Journal of Happiness Studies

The Journal of Happiness Studies is a peer reviewed scientific journal devoted to subjective well-being. It covers both cognitive evaluations of life (like life-satisfaction), and affective enjoyment of life (such as mood level). Next to contributions on appraisal of life-as-a-whole, the journal accepts contributions on life domains (such as job-satisfaction) and life-aspects (such as perceived meaning of life).

Impact factor
1.875 (2011)

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Psychology & Psychiatry

A simple strategy to improve your mood in 12 minutes

We all have a remedy – a glass of wine or a piece of chocolate – for lifting our spirits when we're in a bad mood. Rather than focusing on ways to make ourselves feel better, a team of Iowa State University researchers ...

Health

Study: Get moving to get happier

Physical activity has long been known to reduce depression and anxiety, and is commonly prescribed to prevent or cure negative mental health conditions.

Psychology & Psychiatry

How passionate people respond when good things happen

A new Faculty of Kinesiology and Recreation Management study found that the ways in which passionate people respond when good things happen in their favourite activities depends on their predominant passion type.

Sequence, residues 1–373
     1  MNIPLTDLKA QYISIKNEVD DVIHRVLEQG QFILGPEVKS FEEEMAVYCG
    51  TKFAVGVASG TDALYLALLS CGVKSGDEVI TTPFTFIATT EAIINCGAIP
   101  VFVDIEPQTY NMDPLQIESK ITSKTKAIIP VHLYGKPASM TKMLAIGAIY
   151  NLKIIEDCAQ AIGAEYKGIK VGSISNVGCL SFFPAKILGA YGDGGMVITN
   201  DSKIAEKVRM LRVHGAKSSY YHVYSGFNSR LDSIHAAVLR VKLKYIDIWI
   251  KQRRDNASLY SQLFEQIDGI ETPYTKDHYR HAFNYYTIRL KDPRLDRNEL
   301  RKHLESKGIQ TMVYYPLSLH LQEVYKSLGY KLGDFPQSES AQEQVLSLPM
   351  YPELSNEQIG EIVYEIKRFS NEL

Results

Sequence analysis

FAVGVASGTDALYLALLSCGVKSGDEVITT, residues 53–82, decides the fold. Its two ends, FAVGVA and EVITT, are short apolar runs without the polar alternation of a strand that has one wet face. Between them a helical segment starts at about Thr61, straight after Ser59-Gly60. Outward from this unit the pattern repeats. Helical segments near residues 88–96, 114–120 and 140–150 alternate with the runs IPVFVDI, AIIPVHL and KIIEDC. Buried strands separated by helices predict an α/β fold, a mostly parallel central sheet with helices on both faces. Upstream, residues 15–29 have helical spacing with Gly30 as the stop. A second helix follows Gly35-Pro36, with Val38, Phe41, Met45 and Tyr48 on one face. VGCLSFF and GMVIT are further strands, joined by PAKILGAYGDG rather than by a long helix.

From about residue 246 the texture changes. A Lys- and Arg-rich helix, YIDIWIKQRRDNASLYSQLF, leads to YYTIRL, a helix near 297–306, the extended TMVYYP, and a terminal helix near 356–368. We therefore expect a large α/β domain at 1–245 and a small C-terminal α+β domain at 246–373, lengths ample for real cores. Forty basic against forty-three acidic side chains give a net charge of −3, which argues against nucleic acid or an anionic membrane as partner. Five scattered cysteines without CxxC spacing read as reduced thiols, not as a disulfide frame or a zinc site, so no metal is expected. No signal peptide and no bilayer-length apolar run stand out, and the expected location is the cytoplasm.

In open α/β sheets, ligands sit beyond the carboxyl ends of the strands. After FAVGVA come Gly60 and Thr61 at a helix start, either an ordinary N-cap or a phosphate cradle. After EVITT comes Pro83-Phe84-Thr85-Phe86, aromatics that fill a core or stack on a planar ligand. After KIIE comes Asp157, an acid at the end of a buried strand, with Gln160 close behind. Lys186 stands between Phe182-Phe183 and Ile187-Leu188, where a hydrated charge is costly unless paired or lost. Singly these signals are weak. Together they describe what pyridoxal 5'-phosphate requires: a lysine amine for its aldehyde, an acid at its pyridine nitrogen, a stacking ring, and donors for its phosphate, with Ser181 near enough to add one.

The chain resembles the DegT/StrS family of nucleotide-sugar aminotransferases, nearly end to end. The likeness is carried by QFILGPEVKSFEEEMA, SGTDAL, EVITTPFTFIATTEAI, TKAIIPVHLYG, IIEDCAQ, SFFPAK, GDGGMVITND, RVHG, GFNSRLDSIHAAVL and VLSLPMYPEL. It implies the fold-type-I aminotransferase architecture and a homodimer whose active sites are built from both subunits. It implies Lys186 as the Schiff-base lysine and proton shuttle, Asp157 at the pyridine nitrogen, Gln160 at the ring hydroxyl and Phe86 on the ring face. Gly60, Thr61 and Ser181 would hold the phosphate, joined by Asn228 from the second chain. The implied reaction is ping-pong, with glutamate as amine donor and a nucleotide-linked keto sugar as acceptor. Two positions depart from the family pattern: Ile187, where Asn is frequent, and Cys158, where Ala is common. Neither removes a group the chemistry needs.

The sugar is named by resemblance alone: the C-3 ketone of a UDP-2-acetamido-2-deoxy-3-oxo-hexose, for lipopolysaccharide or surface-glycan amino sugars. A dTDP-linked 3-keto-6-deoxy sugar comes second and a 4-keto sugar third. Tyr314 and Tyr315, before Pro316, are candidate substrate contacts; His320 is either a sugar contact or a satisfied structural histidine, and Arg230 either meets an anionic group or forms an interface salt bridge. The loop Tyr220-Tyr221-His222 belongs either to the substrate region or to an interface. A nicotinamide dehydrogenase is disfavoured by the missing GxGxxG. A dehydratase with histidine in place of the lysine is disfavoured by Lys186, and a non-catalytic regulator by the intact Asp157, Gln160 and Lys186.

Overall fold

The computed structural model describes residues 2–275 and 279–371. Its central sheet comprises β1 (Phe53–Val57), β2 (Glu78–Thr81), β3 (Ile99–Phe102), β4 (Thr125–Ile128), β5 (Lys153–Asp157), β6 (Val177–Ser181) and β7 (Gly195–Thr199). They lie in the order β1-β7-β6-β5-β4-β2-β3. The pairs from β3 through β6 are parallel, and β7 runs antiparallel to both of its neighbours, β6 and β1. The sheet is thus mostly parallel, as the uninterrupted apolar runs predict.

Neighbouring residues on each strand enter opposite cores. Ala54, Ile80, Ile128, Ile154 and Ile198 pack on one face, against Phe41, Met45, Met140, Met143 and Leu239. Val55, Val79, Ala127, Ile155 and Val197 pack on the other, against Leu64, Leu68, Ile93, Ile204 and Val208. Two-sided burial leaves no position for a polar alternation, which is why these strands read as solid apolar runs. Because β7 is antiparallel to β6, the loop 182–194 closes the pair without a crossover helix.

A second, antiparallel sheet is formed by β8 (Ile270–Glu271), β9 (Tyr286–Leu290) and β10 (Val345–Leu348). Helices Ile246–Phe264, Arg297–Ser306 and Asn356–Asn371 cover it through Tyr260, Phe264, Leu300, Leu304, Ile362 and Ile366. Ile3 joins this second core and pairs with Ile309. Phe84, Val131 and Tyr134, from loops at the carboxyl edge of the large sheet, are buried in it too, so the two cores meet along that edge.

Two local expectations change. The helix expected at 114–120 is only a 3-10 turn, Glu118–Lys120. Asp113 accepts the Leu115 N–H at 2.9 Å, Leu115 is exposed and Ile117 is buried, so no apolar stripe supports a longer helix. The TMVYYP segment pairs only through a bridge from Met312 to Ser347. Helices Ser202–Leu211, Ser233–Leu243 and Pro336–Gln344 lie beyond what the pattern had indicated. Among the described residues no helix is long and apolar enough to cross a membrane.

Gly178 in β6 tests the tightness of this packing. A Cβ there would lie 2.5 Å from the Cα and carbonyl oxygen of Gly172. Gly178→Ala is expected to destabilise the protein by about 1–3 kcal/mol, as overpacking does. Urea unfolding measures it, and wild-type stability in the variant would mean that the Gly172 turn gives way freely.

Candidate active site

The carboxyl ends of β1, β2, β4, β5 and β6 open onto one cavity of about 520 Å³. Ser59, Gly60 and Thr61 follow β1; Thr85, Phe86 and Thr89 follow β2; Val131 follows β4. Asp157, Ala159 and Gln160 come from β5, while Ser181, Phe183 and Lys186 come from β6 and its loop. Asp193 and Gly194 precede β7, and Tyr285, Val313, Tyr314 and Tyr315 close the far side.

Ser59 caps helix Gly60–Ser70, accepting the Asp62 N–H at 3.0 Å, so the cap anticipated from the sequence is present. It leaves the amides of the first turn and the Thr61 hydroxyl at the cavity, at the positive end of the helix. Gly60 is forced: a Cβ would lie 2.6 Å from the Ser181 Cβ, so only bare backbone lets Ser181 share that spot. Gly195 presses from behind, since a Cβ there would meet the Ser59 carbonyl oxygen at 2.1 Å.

Psychology & Psychiatry

What makes a happy working mom?

A happy working mom feels competent in interacting with her child, experiences a sense of freedom and choice in her actions, while having a warm and affectionate relationship with her baby. She is also not too hard on herself ...

Psychology & Psychiatry

Single motherhood does not make women unhappy

(Medical Xpress)—Raising a child outside of marriage poses many challenges – but does not have a negative impact on women's happiness, according to new research published in the Journal of Happiness Studies.

Psychology & Psychiatry

Resilience in trying times—a result of positive actions

Communities that stick together and do good for others cope better with crises and are happier for it, according to a new study by John Helliwell, from the University of British Columbia in Canada, and colleagues¹. Their ...

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